denial of service attacks, which congest the network with illegitimate
traffic. This prevents e-mails, file transfers, web-page requests and,
increasingly, voice calls from getting through. Voice traffic has its own
sensitivities, which mean the user experience can easily be degraded past
the point of usability.

 Furthermore, additional nodes of the network can be attacked with VOIP: IP
phones, broadband modems and network equipment, such as soft switches,
signaling gateways and media gateways.

 Endler paints a picture in which an attack on a VOIP service could mean
people would eavesdrop on conversations, interfere with audio streams, or
disconnect, reroute or even answer other people's phone calls. This is a
concern to the increasing number of call centers that put both their voice
and data traffic on a single IP network. It is even more of a concern for
911 call centers.

 But Louis Mamakos, chief technology officer at broadband telephony
provider Vonage, says he and his team "spend a lot of time worrying about
security" but the problems the company has seen so far have centered on
"more pedestrian" threats like identity theft.

 Vonage has not yet signed up for the VOIP Security Alliance, said Mamakos,
and employees already spend a lot of time working on security issues with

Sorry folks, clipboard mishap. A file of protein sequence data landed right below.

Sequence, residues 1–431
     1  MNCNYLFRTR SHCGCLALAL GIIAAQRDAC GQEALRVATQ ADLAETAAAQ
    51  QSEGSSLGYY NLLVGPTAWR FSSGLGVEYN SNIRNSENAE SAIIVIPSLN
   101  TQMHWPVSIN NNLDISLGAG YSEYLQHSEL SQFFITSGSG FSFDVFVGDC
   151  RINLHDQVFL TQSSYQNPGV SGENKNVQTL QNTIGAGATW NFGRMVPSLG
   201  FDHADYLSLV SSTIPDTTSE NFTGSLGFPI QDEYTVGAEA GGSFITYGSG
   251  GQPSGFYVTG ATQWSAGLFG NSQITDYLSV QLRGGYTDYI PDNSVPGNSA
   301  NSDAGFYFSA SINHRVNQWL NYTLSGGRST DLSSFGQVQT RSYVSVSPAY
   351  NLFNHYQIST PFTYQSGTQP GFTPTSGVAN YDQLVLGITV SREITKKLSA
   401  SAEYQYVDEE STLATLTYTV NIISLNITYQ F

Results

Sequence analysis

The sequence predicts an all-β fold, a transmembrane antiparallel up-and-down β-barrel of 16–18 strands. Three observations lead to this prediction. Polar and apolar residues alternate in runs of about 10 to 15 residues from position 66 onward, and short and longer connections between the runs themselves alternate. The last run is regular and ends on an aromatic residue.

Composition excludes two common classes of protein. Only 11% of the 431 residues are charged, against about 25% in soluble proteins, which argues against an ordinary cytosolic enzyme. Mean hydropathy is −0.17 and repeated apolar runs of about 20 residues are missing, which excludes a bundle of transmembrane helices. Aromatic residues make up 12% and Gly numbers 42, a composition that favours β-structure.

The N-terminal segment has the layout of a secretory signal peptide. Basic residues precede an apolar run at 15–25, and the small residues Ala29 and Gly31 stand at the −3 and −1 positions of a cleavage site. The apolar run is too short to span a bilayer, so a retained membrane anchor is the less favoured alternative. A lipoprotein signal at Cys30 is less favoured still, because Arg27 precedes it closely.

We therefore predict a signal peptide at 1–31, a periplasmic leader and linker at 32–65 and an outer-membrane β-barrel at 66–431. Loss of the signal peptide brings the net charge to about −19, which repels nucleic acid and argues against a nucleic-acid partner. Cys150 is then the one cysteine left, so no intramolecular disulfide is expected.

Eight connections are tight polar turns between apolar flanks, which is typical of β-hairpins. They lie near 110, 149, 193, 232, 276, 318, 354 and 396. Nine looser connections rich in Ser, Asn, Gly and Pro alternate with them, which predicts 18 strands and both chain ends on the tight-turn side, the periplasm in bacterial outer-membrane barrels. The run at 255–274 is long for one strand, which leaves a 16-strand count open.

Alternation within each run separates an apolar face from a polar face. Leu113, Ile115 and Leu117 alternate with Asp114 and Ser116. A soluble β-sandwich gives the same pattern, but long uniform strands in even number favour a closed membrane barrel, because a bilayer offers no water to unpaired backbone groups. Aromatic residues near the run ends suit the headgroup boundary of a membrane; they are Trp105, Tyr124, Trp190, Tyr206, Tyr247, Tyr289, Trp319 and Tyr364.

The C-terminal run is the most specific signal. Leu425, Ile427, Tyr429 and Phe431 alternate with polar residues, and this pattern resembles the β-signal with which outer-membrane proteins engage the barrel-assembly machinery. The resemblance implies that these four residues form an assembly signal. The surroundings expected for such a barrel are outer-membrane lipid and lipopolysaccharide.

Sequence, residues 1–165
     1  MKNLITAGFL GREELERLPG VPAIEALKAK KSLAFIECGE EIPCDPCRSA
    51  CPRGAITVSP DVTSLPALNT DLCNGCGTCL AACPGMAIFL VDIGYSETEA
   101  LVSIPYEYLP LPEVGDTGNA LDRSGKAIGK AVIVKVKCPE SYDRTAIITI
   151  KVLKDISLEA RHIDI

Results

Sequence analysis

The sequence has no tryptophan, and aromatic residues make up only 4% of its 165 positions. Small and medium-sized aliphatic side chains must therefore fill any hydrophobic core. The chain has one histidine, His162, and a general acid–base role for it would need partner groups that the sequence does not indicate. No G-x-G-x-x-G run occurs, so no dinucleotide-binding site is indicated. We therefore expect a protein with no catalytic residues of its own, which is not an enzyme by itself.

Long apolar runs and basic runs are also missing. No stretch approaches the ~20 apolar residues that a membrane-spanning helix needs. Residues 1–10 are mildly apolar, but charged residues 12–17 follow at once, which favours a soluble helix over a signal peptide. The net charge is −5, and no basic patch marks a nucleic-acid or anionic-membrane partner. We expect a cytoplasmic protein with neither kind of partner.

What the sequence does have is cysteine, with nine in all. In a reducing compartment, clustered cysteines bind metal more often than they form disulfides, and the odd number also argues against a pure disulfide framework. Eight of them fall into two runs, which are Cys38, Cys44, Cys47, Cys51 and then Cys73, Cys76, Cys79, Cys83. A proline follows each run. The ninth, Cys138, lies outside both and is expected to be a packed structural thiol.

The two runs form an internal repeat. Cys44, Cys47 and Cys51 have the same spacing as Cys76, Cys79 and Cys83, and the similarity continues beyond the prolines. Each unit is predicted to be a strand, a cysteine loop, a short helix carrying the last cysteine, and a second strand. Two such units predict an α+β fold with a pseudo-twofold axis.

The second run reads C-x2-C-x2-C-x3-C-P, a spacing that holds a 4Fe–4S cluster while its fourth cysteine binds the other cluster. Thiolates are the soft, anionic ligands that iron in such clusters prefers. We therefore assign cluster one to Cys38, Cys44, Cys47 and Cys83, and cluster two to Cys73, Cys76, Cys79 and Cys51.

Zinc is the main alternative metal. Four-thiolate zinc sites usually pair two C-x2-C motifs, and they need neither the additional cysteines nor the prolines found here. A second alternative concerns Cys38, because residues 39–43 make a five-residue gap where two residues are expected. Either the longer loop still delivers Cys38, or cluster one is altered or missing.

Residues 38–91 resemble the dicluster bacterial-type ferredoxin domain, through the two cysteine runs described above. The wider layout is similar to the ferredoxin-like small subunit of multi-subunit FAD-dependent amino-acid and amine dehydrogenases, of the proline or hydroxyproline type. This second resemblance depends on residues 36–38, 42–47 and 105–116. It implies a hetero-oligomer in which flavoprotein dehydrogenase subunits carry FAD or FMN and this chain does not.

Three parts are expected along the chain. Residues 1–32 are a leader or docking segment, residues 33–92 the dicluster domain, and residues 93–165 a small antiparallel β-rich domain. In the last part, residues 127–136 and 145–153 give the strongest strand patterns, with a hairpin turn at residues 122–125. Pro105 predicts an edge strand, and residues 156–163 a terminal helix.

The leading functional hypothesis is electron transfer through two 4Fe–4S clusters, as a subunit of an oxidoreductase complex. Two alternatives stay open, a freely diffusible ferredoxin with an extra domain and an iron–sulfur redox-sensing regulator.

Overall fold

technology providers.

 "I'm not sure if (VOIPSA) is a solution to a problem we don't have yet,"
he said. "We need to judge what the incremental value is in working with
another organization."

 He also talked about how hard it would be to break into Vonage's service.
Access to Vonage's signaling traffic requires authentication. The
infrastructure is much more distributed than the websites that have been
taken offline by denial of service attacks. And anyone wanting to eavesdrop
on a Vonage phone conversation would have to be physically very close to
the broadband connection leading to the target, as the farther away the
eavesdropper is, the more commingled the target's voice traffic will be
with other traffic on the network.

 Meanwhile Kelly Larrabee, a spokeswoman for the peer-to-peer VOIP provider
Skype, noted that Skype users control what information about themselves is
available and who can contact them. She also said end-to-end encryption is
used to protect voice conversations. The only vulnerability so far, aside
from uncertified third-party applications, is through file transfers -- and
again, this is under user control.

 But these words could be like a red rag to a bull. As one commentator put
it, a continuous duel is going on between network users and abusers, and
spammers and hackers could well be reading this article. This poses the
question of whether a group like the VOIP Security Alliance should refrain
from announcing its efforts in the media and from making its membership and
e-mail list free and open to all.

 In response, said VOIPSA's Endler, "The people we really have to worry
about are already thinking about (how to misuse VOIP)."

 Today's effort is to ensure that VOIP systems are reinforced "before it
gets to the point that there are easily available tools for the script
kiddies to use," he said.

R. A. Hettinga <mailto: rah at ibuc.com>
The Internet Bearer Underwriting Corporation <http://www.ibuc.com/>
44 Farquhar Street, Boston, MA 02131 USA
"... however it may deserve respect for its usefulness and antiquity,
[predicting the end of the world] has not been found agreeable to
experience." -- Edward Gibbon, 'Decline and Fall of the Roman Empire'